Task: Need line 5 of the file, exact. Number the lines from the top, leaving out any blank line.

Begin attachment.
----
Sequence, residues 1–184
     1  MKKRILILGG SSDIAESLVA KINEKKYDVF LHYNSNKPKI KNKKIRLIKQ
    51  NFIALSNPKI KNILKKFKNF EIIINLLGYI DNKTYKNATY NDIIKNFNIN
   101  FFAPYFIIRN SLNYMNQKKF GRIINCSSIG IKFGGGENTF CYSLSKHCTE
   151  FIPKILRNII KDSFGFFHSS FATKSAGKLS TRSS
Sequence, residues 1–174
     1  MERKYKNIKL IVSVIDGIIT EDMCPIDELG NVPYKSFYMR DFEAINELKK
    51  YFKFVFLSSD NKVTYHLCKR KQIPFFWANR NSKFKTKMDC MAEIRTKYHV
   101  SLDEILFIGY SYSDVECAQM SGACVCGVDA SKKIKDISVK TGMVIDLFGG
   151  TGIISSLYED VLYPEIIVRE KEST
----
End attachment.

   151  FIPKILRNII KDSFGFFHSS FATKSAGKLS TRSS